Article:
November 23, 2020

Time for taxes

It’s February and although it’s the season of love and such, it’s also the season to pay Uncle Sam his due taxes; and who knows how to prepare your taxes for free? The College of Eastern Utah’s income tax preparation class does.

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This archived article was written by: Mae Goss

It’s February and although it’s the season of love and such, it’s also the season to pay Uncle Sam his due taxes; and who knows how to prepare your taxes for free? The College of Eastern Utah’s income tax preparation class does.
Since 1982, CEU has prepared income taxes for low-income families, seniors and students, and the best part is that it’s free. CEU was the first educational institution in Utah that started doing taxes for the students and community through Volunteer Income Tax Assistance (VITA). The instructor, Henning Olsen, states, “CEU was the first, the ‘flag ship’ for long-hand, computer and electronic filing with the VITA program.” The class, income tax preparation, is a two-credit class that gives the students a “real world experience” with basic tax knowledge. The CEU center prepares between 400 to 500 returns each year. Olsen said that this gives the potential professions of accounting, public relations or as a tax consultant.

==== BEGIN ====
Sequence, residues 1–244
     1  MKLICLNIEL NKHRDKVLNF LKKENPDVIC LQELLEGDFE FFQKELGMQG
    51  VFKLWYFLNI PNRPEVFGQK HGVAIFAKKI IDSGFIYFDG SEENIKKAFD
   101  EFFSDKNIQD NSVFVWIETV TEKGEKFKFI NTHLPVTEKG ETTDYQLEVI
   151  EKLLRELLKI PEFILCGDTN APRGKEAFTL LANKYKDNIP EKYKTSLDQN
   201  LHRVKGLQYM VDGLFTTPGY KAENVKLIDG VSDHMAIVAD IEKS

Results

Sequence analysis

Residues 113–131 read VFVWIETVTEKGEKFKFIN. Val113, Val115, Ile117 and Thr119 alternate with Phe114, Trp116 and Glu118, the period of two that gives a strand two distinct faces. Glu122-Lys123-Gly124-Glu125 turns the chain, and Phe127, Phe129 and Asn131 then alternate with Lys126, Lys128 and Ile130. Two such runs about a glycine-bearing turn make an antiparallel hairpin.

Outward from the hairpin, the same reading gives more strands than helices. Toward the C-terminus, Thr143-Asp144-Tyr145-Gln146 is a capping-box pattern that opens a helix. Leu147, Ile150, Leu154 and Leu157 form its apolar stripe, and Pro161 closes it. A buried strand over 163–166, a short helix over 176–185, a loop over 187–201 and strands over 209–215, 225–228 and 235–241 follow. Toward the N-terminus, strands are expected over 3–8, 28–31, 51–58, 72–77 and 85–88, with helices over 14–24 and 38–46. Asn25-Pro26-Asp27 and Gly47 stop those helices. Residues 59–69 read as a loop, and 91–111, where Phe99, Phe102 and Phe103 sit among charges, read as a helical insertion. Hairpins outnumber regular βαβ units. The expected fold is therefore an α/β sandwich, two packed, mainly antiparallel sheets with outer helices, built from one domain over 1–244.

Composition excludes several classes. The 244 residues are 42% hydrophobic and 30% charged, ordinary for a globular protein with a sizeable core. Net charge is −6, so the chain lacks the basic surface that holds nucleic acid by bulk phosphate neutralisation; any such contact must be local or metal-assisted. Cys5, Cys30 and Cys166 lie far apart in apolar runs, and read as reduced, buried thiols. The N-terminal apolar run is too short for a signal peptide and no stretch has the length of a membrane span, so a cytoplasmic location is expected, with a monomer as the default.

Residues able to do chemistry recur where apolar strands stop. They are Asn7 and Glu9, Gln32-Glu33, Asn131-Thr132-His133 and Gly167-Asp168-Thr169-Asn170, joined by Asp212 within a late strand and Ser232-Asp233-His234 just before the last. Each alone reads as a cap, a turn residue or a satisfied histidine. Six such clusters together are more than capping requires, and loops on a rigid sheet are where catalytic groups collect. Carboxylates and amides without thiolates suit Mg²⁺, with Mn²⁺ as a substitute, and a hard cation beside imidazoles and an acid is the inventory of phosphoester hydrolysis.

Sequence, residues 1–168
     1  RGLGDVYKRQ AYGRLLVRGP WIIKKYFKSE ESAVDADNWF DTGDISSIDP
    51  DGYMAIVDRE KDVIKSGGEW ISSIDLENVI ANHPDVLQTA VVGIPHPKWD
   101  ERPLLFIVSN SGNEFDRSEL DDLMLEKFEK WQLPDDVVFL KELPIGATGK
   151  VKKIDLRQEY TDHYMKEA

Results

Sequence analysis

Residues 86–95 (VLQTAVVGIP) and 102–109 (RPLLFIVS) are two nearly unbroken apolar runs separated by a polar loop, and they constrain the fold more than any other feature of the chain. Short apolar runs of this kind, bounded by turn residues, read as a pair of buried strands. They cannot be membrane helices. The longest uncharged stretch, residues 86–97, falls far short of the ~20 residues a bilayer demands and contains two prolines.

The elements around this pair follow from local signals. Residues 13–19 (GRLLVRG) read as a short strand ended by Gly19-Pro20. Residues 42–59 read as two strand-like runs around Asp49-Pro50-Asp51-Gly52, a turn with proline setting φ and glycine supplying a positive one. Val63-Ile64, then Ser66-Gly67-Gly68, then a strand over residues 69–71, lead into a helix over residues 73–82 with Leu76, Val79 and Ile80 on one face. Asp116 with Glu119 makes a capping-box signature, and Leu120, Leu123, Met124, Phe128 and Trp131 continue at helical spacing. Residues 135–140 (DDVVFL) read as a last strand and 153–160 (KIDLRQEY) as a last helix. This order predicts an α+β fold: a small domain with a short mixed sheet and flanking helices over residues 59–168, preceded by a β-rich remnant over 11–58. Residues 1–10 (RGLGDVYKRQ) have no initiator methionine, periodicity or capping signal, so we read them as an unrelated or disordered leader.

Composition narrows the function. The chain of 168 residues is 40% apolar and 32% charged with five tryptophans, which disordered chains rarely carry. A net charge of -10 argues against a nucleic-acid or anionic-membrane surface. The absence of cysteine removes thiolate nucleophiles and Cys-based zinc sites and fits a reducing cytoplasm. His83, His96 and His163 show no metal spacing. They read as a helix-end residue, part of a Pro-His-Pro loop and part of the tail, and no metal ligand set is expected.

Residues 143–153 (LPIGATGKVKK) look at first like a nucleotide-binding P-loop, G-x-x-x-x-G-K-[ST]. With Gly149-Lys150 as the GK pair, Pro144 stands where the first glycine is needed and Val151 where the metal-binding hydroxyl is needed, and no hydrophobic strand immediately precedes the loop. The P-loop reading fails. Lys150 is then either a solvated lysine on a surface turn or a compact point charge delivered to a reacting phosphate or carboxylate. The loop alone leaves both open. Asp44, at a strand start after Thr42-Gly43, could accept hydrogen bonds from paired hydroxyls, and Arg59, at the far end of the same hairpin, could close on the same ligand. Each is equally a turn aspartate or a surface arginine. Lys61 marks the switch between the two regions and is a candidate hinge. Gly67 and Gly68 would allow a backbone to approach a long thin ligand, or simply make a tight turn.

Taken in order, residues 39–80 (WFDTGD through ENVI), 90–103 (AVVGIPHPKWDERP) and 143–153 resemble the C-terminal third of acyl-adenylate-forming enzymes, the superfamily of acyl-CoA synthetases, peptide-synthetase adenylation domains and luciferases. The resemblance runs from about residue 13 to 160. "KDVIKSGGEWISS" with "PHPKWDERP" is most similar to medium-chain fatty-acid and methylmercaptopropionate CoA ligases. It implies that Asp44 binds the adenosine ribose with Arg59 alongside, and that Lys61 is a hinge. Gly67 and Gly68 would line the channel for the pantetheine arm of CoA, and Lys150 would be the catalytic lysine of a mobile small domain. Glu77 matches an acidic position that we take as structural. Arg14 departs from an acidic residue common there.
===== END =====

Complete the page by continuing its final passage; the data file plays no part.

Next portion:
This class helps the students by giving them their first accounting job. The program they use, Tax Works, is commercial software, used by many professional companies. The students are required to pass an IRS exam to qualify them as a tax preparer. Amber Barlow, a student in the class, said that when she completed and passed the exam it was, “very satisfying.”
It isn’t only students who help with the preparations; community members, CEU staff and former students help as well. Hank Savage, for instance, comes every year to help students understand procedures and to also prepare tax return. Cathy Eastin and Kathy Neumeier help with the computer program and the network. Linda Jensen, CEU division Secretary, is another contributor to the program. She spends countless hours of her own time preparing returns. Joni Moosman, a person who has had her taxes done at the school for more than ten years, says about Jensen, “She knows where every stack [of taxes] is.” There are about nine students and four volunteers who help.
But free tax assistance is not limited only to Price city. Olsen said, “People come from all over the state.” Olsen also said that there have been people who have moved out of the state, who still mail in their forms to CEU to have them done.
All that needs to be done is take in the W-2 forms from last year’s employers and a tax-practitioner will help with the paperwork. Of special interest this year to students is the “education credits.”
Olsen said, “Students who pay tuition and fees need to do taxes so they can be reimbursed.” The refunds can be emailed, sent directly to a bank (direct deposit) or to a house address.
How does one take advantage of this incredible offer? The students of CEU are eligible and, being so, are encouraged to take their tax forms in to the Reeves building accounting lab, room 130. The hours are from 12:30 – 3:30 p.m. on Monday-Thursday.

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